Get Yourself Moving!™

Thoughts on improving fitness, nutrition and learning for children and adults alike

Cook Your Own Ketchup for Healthier Blend


You’d be surprised how much High Fructose Corn Syrup and salt you can find in something as simple as ketchup (or catsup). Both are not good for kids or adults, but the average American consumes more than 3 bottles of the stuff every year.

Here is a recipe that’s easy, and healthy. Give it a try!

Wed, June 2 2010 » Everything Else » No Comments

Marbella: No one drinks for free – Baltimore Sun

If you live in a larger city with budget problems, you may have the same attitude as Jean Marbella of the Baltimore Sun.

Last week, the Batlimore City Council succumbed to pressure from the Fat Cats – the BIG soda lobby groups, as well as grocery store owners, to table a measure to add a 4-cent per bottle tax on sodas. These lobbyists even went so far as to convince the Council that it was regular people who didn’t want the tax. Sure, no one wants more taxes, but soda? 4 cents? What’s the complaint? Parents: This tax would be another reason to say “no” to letting your kids drink something that everyone KNOWS isn’t good for them.

Marbella writes:

“I know: 4 cents here and 4 cents there, and suddenly you’re talking real money. Too bad. Someone show me where you have the right to down all the high-fructose corn syrup-laden drinks you want, and to pump it into your kids as well — as cheaply as possible. Not when study after study has shown that these drinks contribute to the country’s rising obesity rate, especially among children, that all of us pay for in health care costs.”

That 4-cent a bottle tax could, over time, have easily saved every resident thousands of dollars in medical expenses. Do they know how much daily insulin injections cost?

Ironically, in the website where this article appears (link below) the Fat Cats bought Google ads for Gatorade and free soft drink coupons. No shame.

Marbella: No one drinks for free – Baltimore Sun.

Tue, May 25 2010 » Everything Else » No Comments

Less is more, or… going for what’s first, easy & cheap

Coca-Cola & McDonalds Are Afraid of You | Health Habits.

It may appear that the purveyors of sweet sodas and cheap eats are running scared! (They should run with GYMB4 – they’d get more exercise that way :))

After all the screaming to the hilltops about childhood obesity and the health of our families, these companies are reducing the sizes/portions and some of the cost of their offerings. Soda companies are volunteering to remove sweetened beverages from vending machines in high schools (I saw a Pepsi truck removing one of their machines from our local high school just this morning).

But let’s take a step back and look at this for a minute. These “Fat Cats” (as many call the mega corporations who make and sell cheap but unhealthy sweet sodas and cheap but unhealthy eats) are taking the same bad stuff, putting less of it in a smaller package, dropping the price a few pennies and offering to not sell it in schools. And they call that being concerned about the health of our children?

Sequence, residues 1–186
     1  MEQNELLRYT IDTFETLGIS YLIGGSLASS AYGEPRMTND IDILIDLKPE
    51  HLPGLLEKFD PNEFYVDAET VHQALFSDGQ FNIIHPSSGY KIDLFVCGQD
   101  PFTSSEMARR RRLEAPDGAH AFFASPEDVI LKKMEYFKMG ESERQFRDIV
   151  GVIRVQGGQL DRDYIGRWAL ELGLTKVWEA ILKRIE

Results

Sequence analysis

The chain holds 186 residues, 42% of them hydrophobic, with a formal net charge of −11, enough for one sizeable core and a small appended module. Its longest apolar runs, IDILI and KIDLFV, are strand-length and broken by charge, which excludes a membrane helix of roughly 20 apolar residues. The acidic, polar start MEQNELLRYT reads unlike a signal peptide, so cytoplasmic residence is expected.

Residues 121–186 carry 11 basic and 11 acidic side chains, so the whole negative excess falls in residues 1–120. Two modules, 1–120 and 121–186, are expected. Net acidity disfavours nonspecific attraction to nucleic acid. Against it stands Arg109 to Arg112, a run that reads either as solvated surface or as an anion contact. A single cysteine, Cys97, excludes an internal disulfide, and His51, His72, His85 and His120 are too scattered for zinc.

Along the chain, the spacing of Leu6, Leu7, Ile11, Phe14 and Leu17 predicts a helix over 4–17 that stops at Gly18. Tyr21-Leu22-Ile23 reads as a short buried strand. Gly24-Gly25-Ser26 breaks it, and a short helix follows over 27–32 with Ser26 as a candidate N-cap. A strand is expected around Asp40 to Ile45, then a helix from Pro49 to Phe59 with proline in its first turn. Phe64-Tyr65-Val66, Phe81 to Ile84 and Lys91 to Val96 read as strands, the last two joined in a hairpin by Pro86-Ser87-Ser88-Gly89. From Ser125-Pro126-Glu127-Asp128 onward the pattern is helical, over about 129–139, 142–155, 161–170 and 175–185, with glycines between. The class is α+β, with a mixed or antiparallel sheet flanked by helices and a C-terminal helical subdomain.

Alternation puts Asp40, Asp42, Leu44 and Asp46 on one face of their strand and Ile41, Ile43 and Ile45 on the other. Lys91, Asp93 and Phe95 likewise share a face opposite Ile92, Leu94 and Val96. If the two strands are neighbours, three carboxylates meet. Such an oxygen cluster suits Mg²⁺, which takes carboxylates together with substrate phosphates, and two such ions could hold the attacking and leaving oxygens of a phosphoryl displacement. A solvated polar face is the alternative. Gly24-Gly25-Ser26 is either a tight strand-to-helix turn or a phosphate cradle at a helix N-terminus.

That’s like putting fewer cigarettes in a pack, cutting the price and saying that now you’re selling cigarettes that are healthier for you! C’mon! This isn’t healthy; it’s just the “light” cigarette repackaged!

What the Fat Cats are really doing is trying to pull a marketing and public relations coup. They’re riding on the coattails of media exposure to the childhood obesity epidemic to win some quick PR points with the media… oh, and introduce some new products in the process.

And with these new, lower priced offerings, they are even more attractive to kids and cash-strapped parents. Think about this: A family used to buying a 12-pack of 12-ounce cans of Coke for $4.99 could easily now go for two 6-packs of 7.5 ounce cans for $3.99 each (these were real prices in a Washington, D.C. Safeway store). By going for the smaller cans, they’d think they’re doing something healthy, but they’re not.

Instead, that family just paid $7.98 for 90 ounces (8.9 cents per ounce) of the same bad stuff they used to pay less than 3.5 ounces for – more than twice the price! So not only are they doling out the same obesity-causing soda, they’re trying to double their profits in the process! And because people too often treat sodas like water – drinking them whenever they’re thirsty – having smaller can won’t likely reduce the number of cans they consume. For some, it may even increase consumption while they think they’re being healthier.

If we’re going to reverse childhood obesity, REALLY reverse it, we need to think hard about what we put in our bodies, and what we let our children put in our bodies. Ninety calories derived from a 7.5 ounce mini can of soda is NOT the same as 90 calories derived from milk, or broccoli, or an apple. Same amount of calories – different effects on the body. We need to THINK. We need to READ. We need to GET OURSELVES MOVING and not buy what’s first, or what’s easy, or what’s cheap (because that’s what the Fat Cats have done – set it up so their stuff is first in the store, easy to get because it’s everywhere we turn, and cheap because it’s made with cheap stuff that keeps their profit margins up).

I dare you to go for one week without soda (including diet). Or try going one week without fast food (for some people, I know it’d be asking too much to do both the same week). You’ll start noticing how many places you turn where you can grab a burger & fries (but not a meal without high sodium and fat). You’ll start realizing that you can practically fall down anywhere you’re standing and get a soda (but a water fountain will be hard to find). You may also start looking around at other people and seeing how many of them are just giving in to what’s first, easy & cheap.

Wed, May 5 2010 » Healthy Schools, Reversing Childhood Obsesity » No Comments

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